In these five consecutive oscillations, we quantified the timing of syringeal opening and closing from the transilluminated frontal views as the first frame in which the entire syringeal passage was open or closed, respectively. The minimal precision for these measurements equals the duration of one frame as indicated by the black vertical line at the base of each column in Fig. 5. In addition, we quantified the timing of acoustic excitations in the sound pressure signal. The timing of the sound signals was corrected for the time needed for the sound to propagate from the oscillators through trachea and tubing to the microphone, assuming a sound speed of 340 m s−1. With these parameters we quantified the timing of acoustic excitation with respect to syringeal opening and closing events within single oscillatory cycles.

Pressure control space protocol

To explore syringeal oscillatory behaviour in the pressure control space we subjected the syrinx to a set of bronchial pressure ramps at randomized and variable air sac pressure, and one additional ramp where pb equalled pICAS. Ramp speed was 1 kPa s−1. Depending on species, we used pressures <2.0–4.0 kPa and |pbpICAS|<2.0 kPa to avoid regimes of high flow (that is, combinations of high pb and low pICAS) and/or mechanical failure of syringeal oscillatory structures. These sets were performed without transillumination imaging. SPL and WE were calculated on 100 ms segments by applying a sliding window with 50 ms steps. If the SPL of these segments were above the 60 dB re. 20 μPa threshold, segments were zero-padded to the next power of two, and a 4,096 point power spectral density estimate was computed (periodogram method in Matlab). Additional filtering was used to extract the fundamental frequency (F0) reliably from the spectral density estimate. WE was calculated as the geometric mean of the power spectrum over the arithmetic mean of the power spectrum.

We extracted iso-F0 contours in pb, pICAS control space. SPL and WE were evaluated along the iso-F0 contours at a resolution of 10 Pa (Supplementary Fig. 3). To evaluate whether points on these iso-F0 contour lines were redundant for all three quantified acoustic parameters (F0, SPL and WE) we computed acoustic parameters at a fixed distance of 100 Pa both before and after each point along the iso-F0 contour line locations in pb, pICAS control space (Supplementary Fig. 3). For the 100 Pa start and end sections of the contour, only forward and backward values could be computed. A point along the iso-F0 contour was considered redundant for all the three parameters if the WE and SPL variation within the 100 Pa interval was below 0.2 units of WE and 1 dB SPL (ref. 66). This resulted in a logical (1/0) redundancy array for each iso-F0 contour. The iso-F0 contour is plotted white when redundant and black when not in the pb, pICAS control spaces in Figs 6a–d and 7c.

We computed iso-F0 contours at fixed intervals (Columba, 10 Hz; Streptopelia, 50 Hz Eudromia, 50 Hz; Nymphicus, 100 Hz; Lonchura, 100 Hz; Taenopygia, 50 Hz) within the F0 range observed in the preparation. The percentage redundancy of a pressure control space was expressed as the ratio of redundant points to the total amount of points on all iso-F0 contours computed in the pb, pICAS control space.

Muscle stimulation protocol

Muscles were stimulated with 50 μm diameter Teflon-coated twisted silver wire electrodes (A-M Systems) that were fixed with 10/0 suture. We used a stimulus isolator (model A395, WPI, Sarasota, FL, USA) to apply variable currents (0–10 mA) when limited compliance voltage was sufficient to contract muscles (tinamou). For zebra finches and Bengalese finches, we used two stimulators (model 14E11, DISA, Herlev, Denmark and model 2100, A-M Systems, respectively). To ensure muscle specificity, we placed carbon microspheres (20–40 μm diameter) at regular intervals on the muscles and surrounding tissues and filmed contractions at 1 kHz. We stimulated the single syringeal muscle present in tinamous, M. syringealis. In songbirds, activity of the M. syringealis ventralis correlates to F0 (ref. 67). Therefore we focussed on this muscle to study F0 control in zebra finches (N=5 adult males). F0 of the sound was determined 30 ms prior (control) and 30 ms after stimulation. We computed 512-point fast Fourier transforms and used parabolic interpolation around the peak power to determine F0.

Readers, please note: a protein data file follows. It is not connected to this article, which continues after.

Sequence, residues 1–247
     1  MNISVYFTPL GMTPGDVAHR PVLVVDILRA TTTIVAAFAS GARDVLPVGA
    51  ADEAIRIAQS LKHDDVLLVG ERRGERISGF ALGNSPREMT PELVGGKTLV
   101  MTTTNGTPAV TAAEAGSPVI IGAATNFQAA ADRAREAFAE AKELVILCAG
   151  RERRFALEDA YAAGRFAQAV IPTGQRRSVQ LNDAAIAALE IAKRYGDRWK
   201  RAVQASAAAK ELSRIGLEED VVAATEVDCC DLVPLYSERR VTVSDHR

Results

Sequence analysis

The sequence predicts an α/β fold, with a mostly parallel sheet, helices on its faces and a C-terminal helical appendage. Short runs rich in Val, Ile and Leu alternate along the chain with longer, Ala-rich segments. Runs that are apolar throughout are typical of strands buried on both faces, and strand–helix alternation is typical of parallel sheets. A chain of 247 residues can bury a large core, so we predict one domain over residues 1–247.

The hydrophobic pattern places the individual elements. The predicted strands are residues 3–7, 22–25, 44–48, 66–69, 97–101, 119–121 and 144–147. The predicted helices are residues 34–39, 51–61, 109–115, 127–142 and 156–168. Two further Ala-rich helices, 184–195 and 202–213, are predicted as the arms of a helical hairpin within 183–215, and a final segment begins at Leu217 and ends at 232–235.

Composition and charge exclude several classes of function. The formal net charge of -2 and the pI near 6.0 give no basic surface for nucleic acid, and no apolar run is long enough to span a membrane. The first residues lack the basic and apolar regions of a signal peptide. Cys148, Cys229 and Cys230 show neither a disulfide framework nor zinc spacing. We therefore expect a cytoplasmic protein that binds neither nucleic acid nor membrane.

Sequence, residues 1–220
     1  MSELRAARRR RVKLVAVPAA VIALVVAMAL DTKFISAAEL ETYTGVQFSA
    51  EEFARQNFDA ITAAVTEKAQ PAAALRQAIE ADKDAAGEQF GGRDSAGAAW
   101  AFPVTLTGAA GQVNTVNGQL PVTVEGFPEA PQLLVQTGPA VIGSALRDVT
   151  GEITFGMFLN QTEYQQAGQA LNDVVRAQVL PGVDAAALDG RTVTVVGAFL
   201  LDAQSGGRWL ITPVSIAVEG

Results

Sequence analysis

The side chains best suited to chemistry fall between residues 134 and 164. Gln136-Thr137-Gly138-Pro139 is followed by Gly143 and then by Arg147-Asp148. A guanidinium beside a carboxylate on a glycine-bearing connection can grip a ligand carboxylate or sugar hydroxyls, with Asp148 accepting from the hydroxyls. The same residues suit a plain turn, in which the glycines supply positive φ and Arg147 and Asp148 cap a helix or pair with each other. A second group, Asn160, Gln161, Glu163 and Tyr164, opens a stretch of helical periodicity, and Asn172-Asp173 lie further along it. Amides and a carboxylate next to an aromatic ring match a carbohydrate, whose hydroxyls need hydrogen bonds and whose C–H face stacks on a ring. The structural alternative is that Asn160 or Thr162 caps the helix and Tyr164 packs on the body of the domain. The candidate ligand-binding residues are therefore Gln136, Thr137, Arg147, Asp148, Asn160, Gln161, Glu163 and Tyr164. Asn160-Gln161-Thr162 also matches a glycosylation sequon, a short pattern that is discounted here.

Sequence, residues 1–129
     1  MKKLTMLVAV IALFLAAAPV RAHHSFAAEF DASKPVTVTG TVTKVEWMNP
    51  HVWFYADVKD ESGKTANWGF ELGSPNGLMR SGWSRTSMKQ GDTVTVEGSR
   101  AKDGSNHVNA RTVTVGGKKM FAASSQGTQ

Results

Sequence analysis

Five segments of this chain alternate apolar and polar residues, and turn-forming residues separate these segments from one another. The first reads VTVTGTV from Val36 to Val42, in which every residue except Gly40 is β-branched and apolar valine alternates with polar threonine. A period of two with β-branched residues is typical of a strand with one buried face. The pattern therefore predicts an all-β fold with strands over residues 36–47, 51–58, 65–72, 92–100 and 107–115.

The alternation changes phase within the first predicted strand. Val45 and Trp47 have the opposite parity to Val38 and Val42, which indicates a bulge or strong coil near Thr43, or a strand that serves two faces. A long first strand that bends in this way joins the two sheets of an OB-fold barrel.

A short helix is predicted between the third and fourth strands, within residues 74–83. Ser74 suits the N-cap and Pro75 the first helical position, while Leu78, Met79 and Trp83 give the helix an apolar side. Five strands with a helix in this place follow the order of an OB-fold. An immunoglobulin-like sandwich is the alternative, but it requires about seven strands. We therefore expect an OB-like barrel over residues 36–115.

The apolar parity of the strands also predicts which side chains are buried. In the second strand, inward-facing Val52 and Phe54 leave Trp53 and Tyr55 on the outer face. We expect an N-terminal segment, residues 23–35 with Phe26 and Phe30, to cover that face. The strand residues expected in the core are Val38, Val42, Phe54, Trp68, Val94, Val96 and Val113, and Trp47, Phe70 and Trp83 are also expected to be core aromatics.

Linear regressions were calculated to test the significance of wave speed as a function of F0 in Matlab. All values are presented as mean±1 s.d.

Morphome reconstruction

We constructed three-dimensional annotated syrinx morphologies, that is, morphomes, based on IKI contrasted CT scans56. All specimens were scanned at Odense University Hospital with a μCT scanner (VivaCT 40, Scanco Medical AG, Switzerland) with 10 μm resolution, except the ostrich syrinx which was scanned with 80 μm resolution on a XtremeCT (Scanco Medical AG). These scans were annotated manually in Amira for bone, soft tissue and muscle using protocols cf. ref. 56.

Natural vocalizations

Sound recordings of natural vocalizations were obtained in previous studies for domestic Barbary dove7, elegant-crested tinamou68 and zebra finch69. A domestic pigeon call recording was obtained from (catalogue nr: XC92264). We recorded the mating calls of two male ostriches at an open-range ostrich-breeding farm (Langeskov, Denmark) from April to May 2013 using a shotgun microphone (model KMR82i, Neumann, Berlin, Germany) and a 24-bit digital recorder (Olympus LS-100). Cockatiel recordings were made with the same shotgun microphone and solid-state recorder (model PMD-670, Marantz, Mahwah, NJ, USA).

Additional information

How to cite this article: Elemans, C. P. H. et al. Universal mechanisms of sound production and control in birds and mammals. Nat. Commun. 6:8978 doi: 10.1038/ncomms9978 (2015).